So, I haven’t posted anything since June 30, 2013. Sometimes things like work takeover life and we have to muscle through it and put the things we love aside and just get the job done. That said, the project is complete and it’s time to resume living again.
As January begins, we’re right in the middle of a dark window so I hope you have been able to get out and do a little observing. Although it has been un-necessarily cold, at least here in the North-Eastern portion of the US, I have managed to get in a few sessions with both of the 90mm refractors.
I’m going to start the year off with a constellation that seems to get little attention. It’s a large but faint constellation in the Northern hemisphere whose stars are no brighter then fourth magnitude. From urban skies, the stars of Camelopardalis are barely detectable and are completely washed out from the bright lights of a city. Probably the reason we hear so little about it.
The name Camelopardalis is a Latin derivation of the Greek word for “giraffe”. Taken apart, it is Kamelos for camel and Pardalis for leopard. Camel-leopard or Camelopardalis (pronounced: cuh-MEL-oh-PAR-duh-liss). The Giraffe was introduced sometime around 1613 by Petrus Plancius, a Dutch astronomer and documented by Jakob Bartsch, a German astronomer 1624. As far as I know there is no mythology associated with the constellation.
As I mentioned, the constellation is pretty faint so locating it can be a challenge under moderately light polluted skies. Camelopardalis crosses the local meridian around 9:00 PM (02:00 UT) on 15 January 2014 for observers living at mid-northern latitudes. You can also locate Camelopardalis by facing north and locating Polaris. Camelopardalis is surrounded by Cassiopeia the West, Ursa Major to the East and Auriga toward the South or, nearly at your Zenith point. One thing I think I should point out here is that while Camelopardalis crosses the local meridian on 15 January, the light of Full Moon will wash out the constellation so try to locate it now or wait until sometime around the 24th to locate it.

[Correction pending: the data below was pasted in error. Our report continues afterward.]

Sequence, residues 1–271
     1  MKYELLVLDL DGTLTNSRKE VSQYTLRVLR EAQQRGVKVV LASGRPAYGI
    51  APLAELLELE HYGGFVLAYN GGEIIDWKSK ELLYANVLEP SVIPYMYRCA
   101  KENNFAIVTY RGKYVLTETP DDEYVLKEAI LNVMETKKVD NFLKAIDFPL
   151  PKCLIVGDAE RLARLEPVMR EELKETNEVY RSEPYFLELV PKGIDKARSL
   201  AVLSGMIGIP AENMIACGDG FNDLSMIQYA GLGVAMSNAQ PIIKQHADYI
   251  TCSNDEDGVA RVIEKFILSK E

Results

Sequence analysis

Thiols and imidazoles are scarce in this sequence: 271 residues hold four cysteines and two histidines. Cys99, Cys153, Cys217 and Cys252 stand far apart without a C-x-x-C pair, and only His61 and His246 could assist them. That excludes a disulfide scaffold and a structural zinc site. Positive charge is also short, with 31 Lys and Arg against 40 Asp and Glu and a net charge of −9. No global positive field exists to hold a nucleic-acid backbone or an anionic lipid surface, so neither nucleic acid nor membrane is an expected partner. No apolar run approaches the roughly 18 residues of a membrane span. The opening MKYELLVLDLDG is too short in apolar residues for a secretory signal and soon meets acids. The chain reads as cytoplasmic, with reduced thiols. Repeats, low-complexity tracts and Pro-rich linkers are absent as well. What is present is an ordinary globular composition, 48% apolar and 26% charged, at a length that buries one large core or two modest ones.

For those of us using small telescopes, Camelopardalis is not rich in deep sky targets. In fact, there are no Messier objects within the constellation boundaries, but there are a couple interesting stars, an asterism and open cluster. So, bundle up in layers so you stay warm and let’s get started.
β Cam is the brightest star in the constellation with an apparent visual magnitude of 4.03. β Cam is a double star whose primary is a yellow G-type supergiant with an apparent magnitude of 4.03 and it’s secondary at a magnitude around 8.8 separated by 83” (arcseconds) in position angle 208°. We were able to split this double using a 60mm f/5.8 refractor at 58x and again with the 90mm f/10 at 75x.
Σ Cam, also known as Struve 1694 and 32 Camelopardalis, is a binary star composed of a white A-type sub-giant with a magnitude of 5.3 and a secondary of magnitude 5.8 separated by about 21″ (arcseconds) in position angle 326°. Jeremy Perez from The Belt of Venus writes in his notes: “This was a little fun to line up, so near the celestial pole. Once I got there, I sighted a wide pair of pale blue stars of nearly equal magnitude. I marked them about 45 arcseconds apart with a PA of 305 degrees. Actual values are 22 arcseconds and 326 degrees, so I was a bit generous on the separation here.” A sketch of his observation is shown here at left. We were able to achieve a good split of the pair using the 90mm f/10 at 65x. You can see more of Jeremy Perez observations at his website The Belt of Venus.
Eariler I mentioned that there’s an interesting asterism in the constellation named after Father Lucian Kemble, who was a Franciscan Friar who discovered it and wrote a letter to Walter Scott Houston (1912 – 1933) whom at the time was a columnist for Sky and Telescope magazine. In the letter, Father Kemble described the sight as “a beautiful cascade of faint stars tumbling from the northwest down to the open cluster NGC 1502.” Walter Houston named the asterism Kemble’s Cascade in his “Deep Sky Wonders” column in Sky and Telescope in 1980.
Although this open cluster is listed as magnitude 6.9, its low surface brightness (magnitude 13.1) makes it a challenging target for small telescopes especially under light pollution. We were able to detect this cluster at 37x using the 120mm f/8.3 refractor but counted only a dozen stars. A 6 inch telescope should bring out more stars and observing this cluster from a dark sky location will make it even more appealing.